Enjoying Lisbon, Portugal: Part 4

Once we finished touring Castelo São Jorge, my sister and I had to make our way back to the city center, where we first began our excursion. From there, we would catch a local bus, which would take us back to the airport. As we walked through the Alfama once again, we came across another olden-day cathedral, but our best (and most delicious) find happened to be in the city center. We spotted Confeitaria Nacional—Lisbon’s oldest confectionery, dating back to 1829.

As my sister and I walked into Confeitaria Nacional, we were in awe of the assortment of pastries available on display. We had a difficult time making the decision of what to order, but one of the locals recommend that we try a Pastel de Nata—an egg tart pastry common in Portugal. It exceeded our expectations, and was the perfect treat to conclude our brief trip to Lisbon. As we savored every last crumb, the city bus arrived, and it was time for us to return to the airport and continue on our trip to Barcelona, Spain.

Enjoying Lisbon, Portugal: Part 3

After spotting the Igreja Santa Luzia, my sister and I continued walking through the Alfama district, until we came across the final destination of our walking tour—Castelo São Jorge.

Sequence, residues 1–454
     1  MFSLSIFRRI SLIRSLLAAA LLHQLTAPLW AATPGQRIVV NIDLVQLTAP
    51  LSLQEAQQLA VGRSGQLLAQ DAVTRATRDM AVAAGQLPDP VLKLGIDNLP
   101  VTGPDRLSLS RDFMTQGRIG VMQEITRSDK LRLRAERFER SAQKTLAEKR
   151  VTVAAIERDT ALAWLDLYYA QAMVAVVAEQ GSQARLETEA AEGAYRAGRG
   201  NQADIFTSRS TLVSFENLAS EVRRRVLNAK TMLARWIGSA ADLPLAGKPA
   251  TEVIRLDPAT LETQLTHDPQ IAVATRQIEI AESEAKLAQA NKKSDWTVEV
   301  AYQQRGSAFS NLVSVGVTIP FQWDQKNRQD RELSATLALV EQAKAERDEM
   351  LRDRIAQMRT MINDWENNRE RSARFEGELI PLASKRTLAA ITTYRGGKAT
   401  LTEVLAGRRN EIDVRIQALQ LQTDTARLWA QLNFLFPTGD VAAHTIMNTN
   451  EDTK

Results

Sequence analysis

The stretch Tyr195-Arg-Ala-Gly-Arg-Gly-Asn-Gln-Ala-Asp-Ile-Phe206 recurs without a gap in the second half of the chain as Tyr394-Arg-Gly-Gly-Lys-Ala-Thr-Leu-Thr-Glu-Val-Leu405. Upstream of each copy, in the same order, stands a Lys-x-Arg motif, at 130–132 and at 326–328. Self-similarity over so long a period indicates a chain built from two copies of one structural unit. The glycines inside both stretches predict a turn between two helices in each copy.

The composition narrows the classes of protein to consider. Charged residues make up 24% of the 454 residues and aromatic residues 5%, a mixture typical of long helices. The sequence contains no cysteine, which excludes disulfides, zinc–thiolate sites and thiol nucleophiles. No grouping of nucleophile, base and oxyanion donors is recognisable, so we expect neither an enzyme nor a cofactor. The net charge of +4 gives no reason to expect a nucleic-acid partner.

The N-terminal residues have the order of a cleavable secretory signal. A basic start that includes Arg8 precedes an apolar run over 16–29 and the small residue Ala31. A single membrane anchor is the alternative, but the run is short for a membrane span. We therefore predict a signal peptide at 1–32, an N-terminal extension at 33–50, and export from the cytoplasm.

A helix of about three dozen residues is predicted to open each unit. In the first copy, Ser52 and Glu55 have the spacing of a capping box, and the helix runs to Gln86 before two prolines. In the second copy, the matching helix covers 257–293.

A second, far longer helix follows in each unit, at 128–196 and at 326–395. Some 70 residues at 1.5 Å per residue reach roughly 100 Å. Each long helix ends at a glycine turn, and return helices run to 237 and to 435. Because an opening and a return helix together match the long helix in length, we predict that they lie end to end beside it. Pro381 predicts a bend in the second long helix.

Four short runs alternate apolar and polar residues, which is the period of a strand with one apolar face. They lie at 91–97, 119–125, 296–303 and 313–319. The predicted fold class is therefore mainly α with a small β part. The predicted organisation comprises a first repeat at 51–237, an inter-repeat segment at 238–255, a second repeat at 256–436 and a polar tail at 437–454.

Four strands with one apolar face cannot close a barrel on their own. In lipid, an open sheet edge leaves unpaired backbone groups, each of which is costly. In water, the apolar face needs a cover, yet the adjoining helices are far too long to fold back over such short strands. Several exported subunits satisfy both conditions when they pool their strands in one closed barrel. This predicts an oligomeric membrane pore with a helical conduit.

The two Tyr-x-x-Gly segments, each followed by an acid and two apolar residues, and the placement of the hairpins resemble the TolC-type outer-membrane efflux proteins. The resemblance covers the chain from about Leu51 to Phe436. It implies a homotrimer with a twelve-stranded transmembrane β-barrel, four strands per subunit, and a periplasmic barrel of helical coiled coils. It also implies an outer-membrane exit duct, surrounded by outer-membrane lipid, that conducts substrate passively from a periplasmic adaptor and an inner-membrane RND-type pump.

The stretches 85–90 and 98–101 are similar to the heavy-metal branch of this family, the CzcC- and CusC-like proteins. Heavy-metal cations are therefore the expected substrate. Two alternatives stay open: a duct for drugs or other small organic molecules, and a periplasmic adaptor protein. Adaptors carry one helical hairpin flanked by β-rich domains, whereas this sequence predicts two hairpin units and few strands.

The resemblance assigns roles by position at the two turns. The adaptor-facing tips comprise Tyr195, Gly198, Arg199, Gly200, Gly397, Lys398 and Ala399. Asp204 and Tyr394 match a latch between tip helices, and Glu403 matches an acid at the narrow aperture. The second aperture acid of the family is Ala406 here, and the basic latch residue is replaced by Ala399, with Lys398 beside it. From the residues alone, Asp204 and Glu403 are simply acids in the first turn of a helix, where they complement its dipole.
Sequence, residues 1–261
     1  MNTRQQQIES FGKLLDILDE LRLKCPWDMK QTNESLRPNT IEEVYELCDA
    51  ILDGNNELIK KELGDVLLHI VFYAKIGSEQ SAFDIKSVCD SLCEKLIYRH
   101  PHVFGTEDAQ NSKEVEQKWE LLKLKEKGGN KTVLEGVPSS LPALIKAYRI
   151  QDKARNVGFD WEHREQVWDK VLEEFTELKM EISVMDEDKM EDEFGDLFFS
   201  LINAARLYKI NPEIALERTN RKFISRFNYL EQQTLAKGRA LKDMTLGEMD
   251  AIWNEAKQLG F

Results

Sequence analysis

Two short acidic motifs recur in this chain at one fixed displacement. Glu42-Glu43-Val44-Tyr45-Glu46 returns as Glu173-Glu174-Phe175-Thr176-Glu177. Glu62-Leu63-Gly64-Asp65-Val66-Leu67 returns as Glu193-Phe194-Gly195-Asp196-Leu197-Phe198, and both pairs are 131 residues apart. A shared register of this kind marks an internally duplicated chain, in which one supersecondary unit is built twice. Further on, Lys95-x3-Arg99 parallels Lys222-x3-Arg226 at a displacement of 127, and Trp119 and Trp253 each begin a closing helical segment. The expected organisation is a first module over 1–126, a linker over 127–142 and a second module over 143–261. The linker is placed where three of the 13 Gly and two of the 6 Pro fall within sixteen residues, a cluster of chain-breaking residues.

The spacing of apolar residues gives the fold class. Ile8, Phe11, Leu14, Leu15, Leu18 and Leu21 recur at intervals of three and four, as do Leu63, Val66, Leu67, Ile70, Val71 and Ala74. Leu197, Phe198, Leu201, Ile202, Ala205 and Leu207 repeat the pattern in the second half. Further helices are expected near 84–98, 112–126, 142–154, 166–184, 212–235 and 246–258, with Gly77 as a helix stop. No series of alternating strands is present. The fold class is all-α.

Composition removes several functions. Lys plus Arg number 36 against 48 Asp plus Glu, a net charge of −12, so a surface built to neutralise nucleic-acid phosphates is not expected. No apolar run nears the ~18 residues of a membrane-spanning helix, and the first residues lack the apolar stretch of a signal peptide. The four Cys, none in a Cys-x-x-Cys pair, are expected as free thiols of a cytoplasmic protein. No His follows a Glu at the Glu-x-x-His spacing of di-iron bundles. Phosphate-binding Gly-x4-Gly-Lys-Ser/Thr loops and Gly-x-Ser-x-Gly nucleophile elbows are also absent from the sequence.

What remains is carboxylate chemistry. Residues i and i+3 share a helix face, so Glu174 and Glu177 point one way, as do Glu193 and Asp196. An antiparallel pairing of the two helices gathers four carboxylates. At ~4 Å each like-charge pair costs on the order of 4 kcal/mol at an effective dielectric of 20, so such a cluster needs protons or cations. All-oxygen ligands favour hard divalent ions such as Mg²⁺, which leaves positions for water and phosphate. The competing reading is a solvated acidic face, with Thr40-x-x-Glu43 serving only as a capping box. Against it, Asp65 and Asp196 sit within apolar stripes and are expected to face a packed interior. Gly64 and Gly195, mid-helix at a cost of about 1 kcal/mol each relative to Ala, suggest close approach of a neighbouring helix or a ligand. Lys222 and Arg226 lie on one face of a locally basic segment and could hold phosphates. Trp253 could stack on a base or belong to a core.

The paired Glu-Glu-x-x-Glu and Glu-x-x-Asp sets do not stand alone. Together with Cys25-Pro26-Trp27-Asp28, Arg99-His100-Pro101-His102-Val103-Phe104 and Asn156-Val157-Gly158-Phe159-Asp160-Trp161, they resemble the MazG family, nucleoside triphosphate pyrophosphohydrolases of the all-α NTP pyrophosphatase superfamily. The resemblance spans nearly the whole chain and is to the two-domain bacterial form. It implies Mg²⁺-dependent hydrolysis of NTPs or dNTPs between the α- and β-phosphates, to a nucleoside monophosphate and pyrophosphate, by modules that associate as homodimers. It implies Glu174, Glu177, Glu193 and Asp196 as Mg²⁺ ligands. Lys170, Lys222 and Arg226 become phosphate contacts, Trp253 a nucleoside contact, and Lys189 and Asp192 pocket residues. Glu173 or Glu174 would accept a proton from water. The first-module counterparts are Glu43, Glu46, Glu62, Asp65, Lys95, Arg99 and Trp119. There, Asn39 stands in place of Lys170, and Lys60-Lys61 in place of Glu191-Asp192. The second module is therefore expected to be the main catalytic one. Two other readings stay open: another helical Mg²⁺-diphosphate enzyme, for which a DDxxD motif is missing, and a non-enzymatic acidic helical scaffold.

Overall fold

“This castle was built by the Moors in the mid-11th century as a last defensive stronghold for the elite who resided on the citadel: the Moorish governor whose palace was nearby and the elite city administrators” (http://castelodesaojorge.pt). The castle was modified in the 13th century, and housed the first king of Portugal as well as many other members of the royal class.

In the late 1500’s, the castle served a military purpose, but renovation work had to commence after Lisbon experienced an earthquake in 1755 (http://castelodesaojorge.pt). As you can see in some of the pictures below, the castle offers beautiful panoramic views of both Lisbon and the Tagus River.